The mobile penetration law, which Hammersely claimed is also an exponential growth multiplier, would mean that by 2020 there will be a phone for every individual on the planet (although refleting the fact that some will own two or more). “There are lots of unbanked people out there globally who can now make payments due to their phone or social media,” he added.
The revolution is here apparently and it just might be televised on YouTube.
While many still think the banking sector is characterised by legacy systems and lack of innovation, this could not be further from the truth. 2018 marks the year when a multitude of external factors will shake up the industry once and for all and reinvent the way people bank. Inevitably, this presents a threat, but also an opportunity.
The Indo-US trade corridor is expected to grow to $500 billion by 2025. Currently, the two-way merchandise trade between these two countries is at $66.7 billion.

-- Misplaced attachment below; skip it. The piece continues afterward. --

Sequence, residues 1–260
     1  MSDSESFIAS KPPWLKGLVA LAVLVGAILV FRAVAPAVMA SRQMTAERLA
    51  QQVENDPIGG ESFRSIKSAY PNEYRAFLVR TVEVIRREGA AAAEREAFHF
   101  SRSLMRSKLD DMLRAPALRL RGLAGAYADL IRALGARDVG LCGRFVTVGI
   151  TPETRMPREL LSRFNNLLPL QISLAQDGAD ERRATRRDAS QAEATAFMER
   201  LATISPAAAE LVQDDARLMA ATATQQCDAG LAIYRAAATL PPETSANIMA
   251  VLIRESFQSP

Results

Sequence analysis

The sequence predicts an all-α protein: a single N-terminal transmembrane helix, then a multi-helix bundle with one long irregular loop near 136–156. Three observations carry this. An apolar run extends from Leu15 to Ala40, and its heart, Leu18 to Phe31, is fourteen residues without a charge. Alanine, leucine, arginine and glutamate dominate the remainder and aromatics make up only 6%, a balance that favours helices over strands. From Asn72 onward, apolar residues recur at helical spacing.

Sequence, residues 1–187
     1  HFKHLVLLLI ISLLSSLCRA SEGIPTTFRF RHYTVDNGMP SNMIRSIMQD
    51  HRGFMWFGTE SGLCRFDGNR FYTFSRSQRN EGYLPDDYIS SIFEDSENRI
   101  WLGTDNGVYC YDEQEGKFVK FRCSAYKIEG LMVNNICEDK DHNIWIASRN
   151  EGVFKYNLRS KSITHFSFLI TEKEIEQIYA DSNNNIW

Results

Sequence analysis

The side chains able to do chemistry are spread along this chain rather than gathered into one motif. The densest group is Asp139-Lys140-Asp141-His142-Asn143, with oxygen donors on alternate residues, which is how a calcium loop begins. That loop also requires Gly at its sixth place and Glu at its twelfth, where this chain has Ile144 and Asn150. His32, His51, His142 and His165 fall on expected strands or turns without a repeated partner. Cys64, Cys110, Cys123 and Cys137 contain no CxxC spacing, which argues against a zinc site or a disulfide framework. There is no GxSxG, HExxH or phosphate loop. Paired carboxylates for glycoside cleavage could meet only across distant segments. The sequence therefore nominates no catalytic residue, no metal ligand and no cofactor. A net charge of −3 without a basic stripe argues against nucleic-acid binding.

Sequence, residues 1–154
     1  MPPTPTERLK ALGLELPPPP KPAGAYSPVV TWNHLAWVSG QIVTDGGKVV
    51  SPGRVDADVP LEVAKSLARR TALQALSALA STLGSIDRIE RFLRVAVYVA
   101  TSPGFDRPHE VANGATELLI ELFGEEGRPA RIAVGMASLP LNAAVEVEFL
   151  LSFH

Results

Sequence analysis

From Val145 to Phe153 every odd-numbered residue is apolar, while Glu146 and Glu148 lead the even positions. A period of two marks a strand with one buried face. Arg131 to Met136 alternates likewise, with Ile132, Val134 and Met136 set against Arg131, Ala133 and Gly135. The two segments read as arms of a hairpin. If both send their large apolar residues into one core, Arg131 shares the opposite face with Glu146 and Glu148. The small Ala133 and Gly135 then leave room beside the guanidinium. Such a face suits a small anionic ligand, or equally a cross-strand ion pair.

The global economy has seen about eight years of growth, but we are starting to see the end of this which is triggering some volatility in global markets, Stefan Bielmeier, DZ Bank, argued in his keynote speech at the Bellin annual 1TC conference. Other speakers discussed blockchain, cyber crime and netting.
A series of governments are now very worried about the idea of bitcoin and these currencies because customers would be able to make sustainable ongoing transactions and payments without having to ever introduce the use of a typical financial model or banking system. To combat this potential threat, several countries including major central banks like the Bank of England and the Bank of Israel will be launching their own version of a cryptocurrency. This could bring big advantages to customers.